‘Let's Talk’ Rallies Across Spain Seek to Defuse Catalan CrisisBy and
Catalonia keeps Spain guessing on independence declaration
Region’s isolation grows as companies bolt for the exit
Demonstrators dressed in white gathered outside city halls in Barcelona, Madrid and across Spain on Saturday to demand that sparring sides in the country’s constitutional crisis move back from the brink.
“Let’s talk” said the banners and flags at Sant Jaume square in Barcelona and around Madrid’s Cibeles fountain. The words, written in Spanish and Catalonian, were the top-trending social-media hashtag in Spain as people tweeted photos of the seas of white.
"It’s time to talk and find a way out -- I don’t need to carry a flag. This isn’t a political movement, it’s a citizen movement,” Nuria Lliteras, a 52-year-old teacher, said at the Barcelona rally.
Time may be running out. Catalan President Carles Puigdemont is negotiating the text of a declaration of independence with his group’s more radical partner, El Mundo newspaper has reported. He’s scheduled to brief the regional parliament on Tuesday, the first step toward a formal declaration. Spanish Prime Minister Mariano Rajoy, meantime, is resisting calls from his main ally in Madrid to suspend the Catalan government, according to a person familiar with their talks.
As both sides plotted their next move before next week’s likely showdown, the focus was on the financial toll secession talk was taking. The board of CaixaBank SA, the biggest symbol of the rebel region’s wealth and economic clout, decided to relocate its legal base at a meeting on Friday.
"It’s very sad what we are seeing, the departure of extremely important companies from Catalonia,” Economy Minister Luis de Guindos said at a press conference in Madrid on Friday. "This isn’t the fault of the companies. It’s clearly the fault of irresponsible policy which at the end of the day generates uncertainty and anxiety.”
Puigdemont risks economic damage and being cast adrift by Europe if he pushes ahead with his secession plans based on a referendum that breached Spain’s constitution.
For their part, if Rajoy and his minority government have to step in again to reassert control, they will be loathe to risk a repeat of scenes a week ago Sunday of police violence against peaceful voters that drew international condemnation and inflamed the separatists.
On Friday, Rajoy’s proxies sought to ease the anger over that crackdown. “We are profoundly sorry because this was not our wish, we didn’t want a single person getting hurt,” Enric Millo, the central government’s chief representative in Catalonia, said in a Bloomberg Television interview.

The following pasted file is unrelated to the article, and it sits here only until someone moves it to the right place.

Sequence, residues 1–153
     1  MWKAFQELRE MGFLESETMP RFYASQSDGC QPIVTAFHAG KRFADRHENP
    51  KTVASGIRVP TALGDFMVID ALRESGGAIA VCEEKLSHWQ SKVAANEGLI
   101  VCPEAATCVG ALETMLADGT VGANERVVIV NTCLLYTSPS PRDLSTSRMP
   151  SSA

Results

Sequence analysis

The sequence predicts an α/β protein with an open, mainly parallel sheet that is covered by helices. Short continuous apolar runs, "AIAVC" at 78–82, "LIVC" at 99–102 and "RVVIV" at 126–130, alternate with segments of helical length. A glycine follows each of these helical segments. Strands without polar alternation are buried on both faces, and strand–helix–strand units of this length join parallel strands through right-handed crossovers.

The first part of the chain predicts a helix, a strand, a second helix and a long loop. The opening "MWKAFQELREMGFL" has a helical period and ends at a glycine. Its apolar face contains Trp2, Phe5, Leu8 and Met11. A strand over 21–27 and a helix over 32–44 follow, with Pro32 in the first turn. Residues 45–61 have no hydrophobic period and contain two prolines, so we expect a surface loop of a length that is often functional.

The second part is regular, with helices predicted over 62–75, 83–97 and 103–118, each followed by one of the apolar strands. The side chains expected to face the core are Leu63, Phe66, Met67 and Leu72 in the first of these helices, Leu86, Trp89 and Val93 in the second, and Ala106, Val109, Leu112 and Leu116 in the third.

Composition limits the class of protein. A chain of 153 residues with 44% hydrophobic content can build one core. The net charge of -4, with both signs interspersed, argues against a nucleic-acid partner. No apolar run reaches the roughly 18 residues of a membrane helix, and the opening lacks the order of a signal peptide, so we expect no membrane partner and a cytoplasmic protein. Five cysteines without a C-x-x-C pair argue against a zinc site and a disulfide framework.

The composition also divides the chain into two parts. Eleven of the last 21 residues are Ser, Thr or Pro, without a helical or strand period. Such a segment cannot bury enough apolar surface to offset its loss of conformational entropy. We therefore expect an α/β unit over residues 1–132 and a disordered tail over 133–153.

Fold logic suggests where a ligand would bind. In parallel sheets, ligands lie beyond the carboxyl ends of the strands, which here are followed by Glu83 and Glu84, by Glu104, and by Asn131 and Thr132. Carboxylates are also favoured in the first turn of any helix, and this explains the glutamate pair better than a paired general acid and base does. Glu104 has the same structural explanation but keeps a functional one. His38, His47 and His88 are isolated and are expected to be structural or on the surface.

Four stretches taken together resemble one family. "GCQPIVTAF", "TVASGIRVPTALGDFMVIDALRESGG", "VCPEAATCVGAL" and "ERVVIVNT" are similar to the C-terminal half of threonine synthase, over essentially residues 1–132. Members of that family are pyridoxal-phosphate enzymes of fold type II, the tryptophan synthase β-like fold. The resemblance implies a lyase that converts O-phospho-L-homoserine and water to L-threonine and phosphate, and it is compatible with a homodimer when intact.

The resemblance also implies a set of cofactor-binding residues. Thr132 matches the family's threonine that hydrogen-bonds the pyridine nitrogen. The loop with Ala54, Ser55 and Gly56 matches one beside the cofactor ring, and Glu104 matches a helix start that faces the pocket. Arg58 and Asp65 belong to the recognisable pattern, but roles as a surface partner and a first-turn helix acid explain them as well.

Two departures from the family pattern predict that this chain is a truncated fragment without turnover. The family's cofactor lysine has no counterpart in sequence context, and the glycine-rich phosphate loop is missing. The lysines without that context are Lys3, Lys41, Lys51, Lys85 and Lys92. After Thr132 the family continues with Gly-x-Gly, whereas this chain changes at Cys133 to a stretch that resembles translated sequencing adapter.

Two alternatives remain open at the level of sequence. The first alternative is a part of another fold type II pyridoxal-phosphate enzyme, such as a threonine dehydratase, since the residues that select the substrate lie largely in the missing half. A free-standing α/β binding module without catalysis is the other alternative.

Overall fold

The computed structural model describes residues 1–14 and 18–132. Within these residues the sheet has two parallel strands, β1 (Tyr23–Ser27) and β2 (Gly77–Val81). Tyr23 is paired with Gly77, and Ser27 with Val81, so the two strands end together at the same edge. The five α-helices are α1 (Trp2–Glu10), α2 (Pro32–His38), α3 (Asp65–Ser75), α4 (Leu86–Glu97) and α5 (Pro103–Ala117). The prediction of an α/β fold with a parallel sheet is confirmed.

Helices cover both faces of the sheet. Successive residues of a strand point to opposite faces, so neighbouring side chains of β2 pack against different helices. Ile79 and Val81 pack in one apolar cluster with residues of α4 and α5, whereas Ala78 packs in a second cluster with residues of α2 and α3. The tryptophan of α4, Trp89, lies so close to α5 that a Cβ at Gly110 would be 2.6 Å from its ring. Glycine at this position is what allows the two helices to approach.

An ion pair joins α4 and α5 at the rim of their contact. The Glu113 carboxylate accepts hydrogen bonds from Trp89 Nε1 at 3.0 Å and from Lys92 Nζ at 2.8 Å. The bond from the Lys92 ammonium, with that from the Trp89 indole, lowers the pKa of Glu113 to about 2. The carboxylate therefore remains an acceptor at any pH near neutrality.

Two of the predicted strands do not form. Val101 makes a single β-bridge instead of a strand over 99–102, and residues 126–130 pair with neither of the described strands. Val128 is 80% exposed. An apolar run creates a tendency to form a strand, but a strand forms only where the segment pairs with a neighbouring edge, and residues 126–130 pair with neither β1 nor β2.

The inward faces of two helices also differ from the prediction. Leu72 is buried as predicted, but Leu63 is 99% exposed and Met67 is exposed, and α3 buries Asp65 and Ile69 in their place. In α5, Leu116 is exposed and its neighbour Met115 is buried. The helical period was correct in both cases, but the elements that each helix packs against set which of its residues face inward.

The government’s official spokesman, Inigo Mendez de Vigo, also issued a collective apology during a press conference at the same time. “If there were incidents -- and there were -- and people were affected, obviously we are all sorry,” he said.
A new law approved by Spain’s cabinet on Friday eased the way for companies to change domiciles, sending a clear message to Catalan leaders that the government will use its administrative muscle to encourage the exodus.
Banco Sabadell SA confirmed late Thursday it will move its headquarters further down the coast to the Spanish city of Alicante, while CaixaBank’s board decided on Valencia.
Gas Natural SDG also Friday announced that it was moving its registered office to Madrid from Barcelona, citing political concerns.
The two banks led Spanish stocks lower, with the IBEX 35 index falling as much as 1 percent before paring the loss. It jumped 2.5 percent Friday on optimism that separatists would step back. The market has reversed its move from the previous day for the past seven sessions. Spanish 10-year bonds fell, heading for a fourth decline this week.
With options to quell an increasingly bitter dispute fast running out, events may soon come to a head. Puigdemont had sought to evaluate the result of the independence vote at a session of the regional parliament on Monday until it was suspended by the Spanish Constitutional Court. He’s now seeking to address lawmakers on Tuesday.
The regional government said the bid to break away won the support of 90 percent of 2.3 million voters. Many Catalans stayed away or couldn’t vote, with turnout at 42 percent.
“There will be some formula for the Catalan Parliament to convene and hold its meeting as planned,” Jordi Sanchez, who heads the most powerful group among the separatists, known as the Catalan National Assembly, said in an interview in Barcelona. “There will be a plenary session.” Sanchez is being investigated by the National Court in Madrid for possible sedition.
— With assistance by Katie Linsell, Todd White, Charles Penty, Esteban Duarte, and Angeline Benoit